Consumer Reports’ No To iPhone 4: Bad News For iAds?

Uh-oh. Looks like iAds may not reach as wide of an audience as hoped, if phone users listen to the buyers’ Bible Consumer Reports. Yesterday, Consumer Reports senior electronics editor Mike Gikas said in his blog that the magazine’s test engineers found that yes, there...

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Uh-oh. Looks like iAds may not reach as wide of an audience as hoped, if phone users listen to the buyers’ Bible Consumer Reports.

Yesterday, Consumer Reports senior electronics editor Mike Gikas said in his blog that the magazine’s test engineers found that yes, there is a reception problem with the iPhone 4. Contrary to Apple’s statement that the problem has to do with a software glitch (i.e. that an indication of weak bar strength may not mean actual weak reception), the  purchasers’ guide found, “When your finger or hand touches a spot on the phone’s lower left side—an easy thing, especially for lefties—the signal can significantly degrade enough to cause you to lose your connection altogether if you’re in an area with a weak signal.”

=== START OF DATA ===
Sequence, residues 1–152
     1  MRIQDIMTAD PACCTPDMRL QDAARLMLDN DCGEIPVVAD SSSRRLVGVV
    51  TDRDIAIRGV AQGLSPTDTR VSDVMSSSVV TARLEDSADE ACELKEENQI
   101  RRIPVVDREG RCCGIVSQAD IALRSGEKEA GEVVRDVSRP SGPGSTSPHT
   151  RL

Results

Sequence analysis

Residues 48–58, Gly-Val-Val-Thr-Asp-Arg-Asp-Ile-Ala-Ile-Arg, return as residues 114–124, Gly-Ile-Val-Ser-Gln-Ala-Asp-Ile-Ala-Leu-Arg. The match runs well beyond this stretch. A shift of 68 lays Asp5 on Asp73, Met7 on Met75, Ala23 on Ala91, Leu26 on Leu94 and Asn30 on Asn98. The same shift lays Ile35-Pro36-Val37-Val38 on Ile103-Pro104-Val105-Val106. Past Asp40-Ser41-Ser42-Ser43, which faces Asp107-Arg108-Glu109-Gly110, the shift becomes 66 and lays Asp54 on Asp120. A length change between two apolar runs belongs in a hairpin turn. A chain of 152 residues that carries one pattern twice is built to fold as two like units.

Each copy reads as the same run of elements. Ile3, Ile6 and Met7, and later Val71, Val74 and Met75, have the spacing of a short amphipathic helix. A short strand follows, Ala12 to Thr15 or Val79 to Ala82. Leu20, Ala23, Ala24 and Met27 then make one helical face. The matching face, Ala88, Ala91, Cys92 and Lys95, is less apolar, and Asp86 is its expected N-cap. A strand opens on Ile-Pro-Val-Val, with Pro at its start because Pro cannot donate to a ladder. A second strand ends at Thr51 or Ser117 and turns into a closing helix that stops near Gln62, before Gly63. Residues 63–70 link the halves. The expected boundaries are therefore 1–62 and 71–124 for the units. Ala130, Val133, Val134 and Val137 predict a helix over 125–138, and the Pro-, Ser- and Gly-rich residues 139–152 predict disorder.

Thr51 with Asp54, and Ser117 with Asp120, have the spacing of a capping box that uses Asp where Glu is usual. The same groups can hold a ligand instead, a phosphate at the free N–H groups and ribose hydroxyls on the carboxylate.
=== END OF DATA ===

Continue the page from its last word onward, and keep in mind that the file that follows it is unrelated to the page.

Concluded Gikas, “Due to this problem, we can’t recommend the iPhone 4.”

Of course, certain brand loyalists will get the iPhone 4 anyway. But when a consumer advocate like Consumer Reports speaks, many listen. The growth of new-to-Apple phone owners may stall, and with it the number of eyeballs who will see iAd adverts.

Then again, Gikas said, “If you want an iPhone that works well without a masking-tape fix, we continue to recommend an older model, the 3G S,” whose operating system can be upgraded to the iOS 4, which serves up iAds. “Masking-tape fix” refers to the strategic placement of duct tape on the lower left-hand corner of the iPhone 4. While it works, it negates the whole point of Apple products being beautiful objects of design.

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